Anyone wishing to make a donation can send a cheque to I Care International, in care of the school of optometry. A tax receipt will be provided. Children's toys, stickers, colouring books, crayons, candies (no nuts) and Canadian flags or pins are also welcome. Donations can be dropped off or mailed to the school of optometry.
A workshop on "Teaching Large Classes", sponsored by the teaching resource office, starts at 12 noon today in Math and Computer room 5158.
Dominic Covvey of the Education Program for Health Informatics Professionals will speak at 4:00 this afternoon, in a seminar sponsored by that UW unit and the InfraNet Project. His talk, on "How Much IT in a Health System Is Enough?", will be given in the Clarica Auditorium, Lyle Hallman Institute.
The second event in the "civic dialogue" series, sponsored by the civics research group, is scheduled for today from 4:30 to 6:00 at its home in downtown Kitchener, 70 King Street East.
A workshop about UW Innovate Inc. will be offered at 5:30 tonight as part of the career development series. The career resource centre in Needles Hall can provide the details.
Hungry after all that learning? Bon Appetit, the "food fair" in the Davis Centre, has a special on Vietnamese cuisine, today and every Wednesday from 5 to 7 p.m.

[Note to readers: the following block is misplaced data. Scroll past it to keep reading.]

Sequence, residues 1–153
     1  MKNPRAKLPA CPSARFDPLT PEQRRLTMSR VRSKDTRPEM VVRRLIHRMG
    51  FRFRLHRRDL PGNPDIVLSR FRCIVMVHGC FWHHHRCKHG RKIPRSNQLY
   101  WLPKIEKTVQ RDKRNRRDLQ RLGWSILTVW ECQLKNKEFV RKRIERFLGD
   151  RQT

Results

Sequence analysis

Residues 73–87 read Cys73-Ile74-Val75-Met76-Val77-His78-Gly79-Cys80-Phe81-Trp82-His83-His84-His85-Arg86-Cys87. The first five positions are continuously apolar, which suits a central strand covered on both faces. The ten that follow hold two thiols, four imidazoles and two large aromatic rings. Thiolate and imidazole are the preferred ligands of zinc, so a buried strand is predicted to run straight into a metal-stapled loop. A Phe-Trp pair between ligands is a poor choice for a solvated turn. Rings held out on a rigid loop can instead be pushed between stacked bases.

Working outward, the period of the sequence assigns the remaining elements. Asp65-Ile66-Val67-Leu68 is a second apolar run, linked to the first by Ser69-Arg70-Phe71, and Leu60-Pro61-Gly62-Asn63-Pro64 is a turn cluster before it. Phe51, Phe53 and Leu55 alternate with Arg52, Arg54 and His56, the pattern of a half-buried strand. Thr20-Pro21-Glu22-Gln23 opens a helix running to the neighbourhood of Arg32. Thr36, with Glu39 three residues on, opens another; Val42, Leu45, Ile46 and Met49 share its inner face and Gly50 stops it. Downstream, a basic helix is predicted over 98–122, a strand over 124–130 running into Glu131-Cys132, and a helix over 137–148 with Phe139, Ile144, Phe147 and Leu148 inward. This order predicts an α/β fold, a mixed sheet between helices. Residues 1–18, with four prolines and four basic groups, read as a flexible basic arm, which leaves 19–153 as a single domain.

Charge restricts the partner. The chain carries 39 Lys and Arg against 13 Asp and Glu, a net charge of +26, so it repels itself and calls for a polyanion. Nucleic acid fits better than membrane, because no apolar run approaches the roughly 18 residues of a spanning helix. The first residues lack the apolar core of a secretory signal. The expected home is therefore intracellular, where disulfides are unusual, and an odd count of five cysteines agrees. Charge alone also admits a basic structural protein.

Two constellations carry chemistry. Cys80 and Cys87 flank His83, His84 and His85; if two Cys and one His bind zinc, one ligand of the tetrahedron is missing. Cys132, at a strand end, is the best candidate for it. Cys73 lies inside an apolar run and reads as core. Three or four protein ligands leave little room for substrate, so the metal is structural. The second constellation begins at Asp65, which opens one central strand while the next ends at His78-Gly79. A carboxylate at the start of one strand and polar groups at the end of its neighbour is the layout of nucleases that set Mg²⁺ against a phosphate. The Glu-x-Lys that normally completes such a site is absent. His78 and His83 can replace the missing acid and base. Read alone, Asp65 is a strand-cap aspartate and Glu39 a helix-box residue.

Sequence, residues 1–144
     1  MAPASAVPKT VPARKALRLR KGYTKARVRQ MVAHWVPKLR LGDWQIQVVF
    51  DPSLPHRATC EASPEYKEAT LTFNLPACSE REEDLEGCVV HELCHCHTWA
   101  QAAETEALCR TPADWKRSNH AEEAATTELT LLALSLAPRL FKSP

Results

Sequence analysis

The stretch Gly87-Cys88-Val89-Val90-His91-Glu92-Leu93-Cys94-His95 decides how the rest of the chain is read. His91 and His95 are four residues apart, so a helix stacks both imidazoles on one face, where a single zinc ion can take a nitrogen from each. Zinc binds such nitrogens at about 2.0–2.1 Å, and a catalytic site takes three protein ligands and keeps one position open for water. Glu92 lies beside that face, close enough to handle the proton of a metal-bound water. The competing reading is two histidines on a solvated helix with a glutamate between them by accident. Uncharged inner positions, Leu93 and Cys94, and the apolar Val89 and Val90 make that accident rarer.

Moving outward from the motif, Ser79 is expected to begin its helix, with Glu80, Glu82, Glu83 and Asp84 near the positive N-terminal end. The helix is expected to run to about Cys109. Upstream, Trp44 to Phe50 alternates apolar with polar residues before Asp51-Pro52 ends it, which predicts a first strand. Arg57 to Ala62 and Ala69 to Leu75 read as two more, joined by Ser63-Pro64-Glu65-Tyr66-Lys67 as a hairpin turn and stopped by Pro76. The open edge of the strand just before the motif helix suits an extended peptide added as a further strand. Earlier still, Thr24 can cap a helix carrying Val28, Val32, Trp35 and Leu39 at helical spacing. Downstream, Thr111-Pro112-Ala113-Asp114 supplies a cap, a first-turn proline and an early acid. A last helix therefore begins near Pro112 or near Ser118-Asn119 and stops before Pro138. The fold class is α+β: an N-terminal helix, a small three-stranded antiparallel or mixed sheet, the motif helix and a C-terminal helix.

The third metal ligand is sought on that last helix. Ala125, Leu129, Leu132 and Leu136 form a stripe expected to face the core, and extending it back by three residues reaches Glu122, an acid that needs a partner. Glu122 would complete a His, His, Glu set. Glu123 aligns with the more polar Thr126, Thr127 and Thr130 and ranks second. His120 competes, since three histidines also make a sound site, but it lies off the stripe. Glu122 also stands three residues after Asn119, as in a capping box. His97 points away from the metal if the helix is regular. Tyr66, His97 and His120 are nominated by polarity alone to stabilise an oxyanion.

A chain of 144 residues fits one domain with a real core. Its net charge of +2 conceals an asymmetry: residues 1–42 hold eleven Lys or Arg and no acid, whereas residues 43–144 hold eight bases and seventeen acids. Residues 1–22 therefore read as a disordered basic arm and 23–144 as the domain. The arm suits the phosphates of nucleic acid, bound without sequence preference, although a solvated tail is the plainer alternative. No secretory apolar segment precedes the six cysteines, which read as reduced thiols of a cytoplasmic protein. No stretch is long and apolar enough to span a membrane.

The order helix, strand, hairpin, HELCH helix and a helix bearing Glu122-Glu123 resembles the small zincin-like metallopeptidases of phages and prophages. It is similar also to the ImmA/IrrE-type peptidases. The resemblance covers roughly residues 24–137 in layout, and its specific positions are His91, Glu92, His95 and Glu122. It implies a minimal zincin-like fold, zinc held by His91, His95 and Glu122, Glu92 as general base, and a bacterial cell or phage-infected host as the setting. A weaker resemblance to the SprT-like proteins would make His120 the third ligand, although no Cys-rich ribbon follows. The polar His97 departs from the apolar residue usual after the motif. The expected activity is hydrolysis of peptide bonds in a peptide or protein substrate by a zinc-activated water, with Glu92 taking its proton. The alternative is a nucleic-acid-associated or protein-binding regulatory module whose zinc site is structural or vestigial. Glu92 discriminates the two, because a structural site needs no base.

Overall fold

Philosophy professor Jan Narveson will speak on "Problems with Pacifists and Terrorists" at 7:00 tonight in the great hall of Conrad Grebel University College. His talk is one in a series of four open lectures on war and peace to be given this term.
The basketball Warriors will host the McMaster Marauders tonight in a pair of games in the PAC gymnasium: the women's teams play at 6:00, the men's at 8:00.
Tomorrow, Wesley Wark of the University of Toronto, an expert on intelligence and security ("spying" to you), will speak at 7:00 in the Humanities Theatre, as part of the student-organized "2020: Building the Future" lecture series.
Friday brings a reception and dinner honouring David Burns, former dean of engineering and long-time mechanical engineering professor, as he leaves UW to become vice-president (academic) at Conestoga College. Ethel Spike in the mech eng department, phone ext. 6740, should have last-minute information.
Sunday is the day for this term's local ACM programming contest, a precursor to the regional and international contests in which UW excels just about every year.